Saturday, 11 October 2008

The Clash - Live At Shea Stadium

It's too frequent that bands and musicians get labelled as legendary, which kind of detracts from the import of those that truly deserve the title. It may mean that a re-issue or compilation needs to be released to remind us, but this can also be seen as a cash-in. So you need to teach a lesson through something that's so good, all notions of the musicians in question needing a new swimming pool go out the window. This is just what Live At Shea Stadium does.

Recorded back in 1982 when The Clash were at their peak, despite all the songs you remember (and there's far more than you'd even realise), it could have been recorded a few months ago. The sound is incredibly clear, but sounding very live it captures the essence of a concert incredibly well. The songs are played with an instant urgency that makes these twenty-odd year old songs sound as fresh as the day they were put to record. It's a live attack that seems so well performed you cannot believe this isn’t even a headlining set. They’re opening for The Who, yet from the noise the crowd makes you can understand why people said of the gig that there were as many The Clash fans as there were fans of The Who.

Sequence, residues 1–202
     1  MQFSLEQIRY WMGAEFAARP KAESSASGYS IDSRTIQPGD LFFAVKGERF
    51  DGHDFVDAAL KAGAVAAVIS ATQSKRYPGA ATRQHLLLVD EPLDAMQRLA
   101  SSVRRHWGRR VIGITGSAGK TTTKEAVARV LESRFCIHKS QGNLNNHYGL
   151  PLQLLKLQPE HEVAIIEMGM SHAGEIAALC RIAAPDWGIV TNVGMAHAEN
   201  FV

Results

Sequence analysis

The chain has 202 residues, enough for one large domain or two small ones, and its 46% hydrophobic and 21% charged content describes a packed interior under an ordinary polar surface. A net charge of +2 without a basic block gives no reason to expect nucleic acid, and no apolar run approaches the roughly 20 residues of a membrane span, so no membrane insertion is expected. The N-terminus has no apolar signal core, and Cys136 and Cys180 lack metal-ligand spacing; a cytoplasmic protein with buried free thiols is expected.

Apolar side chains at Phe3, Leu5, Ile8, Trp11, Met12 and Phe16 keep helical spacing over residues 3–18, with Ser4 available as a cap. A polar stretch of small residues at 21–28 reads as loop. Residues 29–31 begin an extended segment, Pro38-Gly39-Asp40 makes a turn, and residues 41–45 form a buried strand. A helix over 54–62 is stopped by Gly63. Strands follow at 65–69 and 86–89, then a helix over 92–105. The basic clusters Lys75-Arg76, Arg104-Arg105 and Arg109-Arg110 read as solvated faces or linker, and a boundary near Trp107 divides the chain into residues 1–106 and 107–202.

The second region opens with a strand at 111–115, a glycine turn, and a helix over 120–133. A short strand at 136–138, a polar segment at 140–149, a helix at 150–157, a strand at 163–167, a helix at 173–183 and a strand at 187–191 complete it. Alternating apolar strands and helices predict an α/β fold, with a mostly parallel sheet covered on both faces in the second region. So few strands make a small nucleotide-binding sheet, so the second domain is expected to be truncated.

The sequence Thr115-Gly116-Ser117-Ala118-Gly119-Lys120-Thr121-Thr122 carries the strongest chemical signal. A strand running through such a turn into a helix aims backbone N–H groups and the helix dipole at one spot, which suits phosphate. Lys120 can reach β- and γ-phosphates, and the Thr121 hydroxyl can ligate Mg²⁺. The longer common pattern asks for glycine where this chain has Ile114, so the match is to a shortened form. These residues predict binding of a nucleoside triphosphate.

The songs are fantastic, even though many of you will have heard them umpteen times; the crisp sound combined with the live element brings them to life. All the songs you'd expect; 'London Calling', 'Tommy Gun', 'Rock The Casbah', do not disappoint, but even the less well-known tracks impress; 'Career Opportunities' and 'Police On My Back' in particular proving highlights. But all you really need to do is consider how many bands can have as good a back-to-back finale as 'Should I Stay Or Should I Go?' and 'I Fought The Law'? Let's be honest, there’s about three.

For any existing fan of The Clash, you’ll probably already know that it's a must to get hold of this release. For those that have never heard The Clash or seen what all the fuss was about, this release is as good a place to start as their London Calling album. This is no cash-in; it's a fiery reminder of just why The Clash are the reason for most of the music you listen to.

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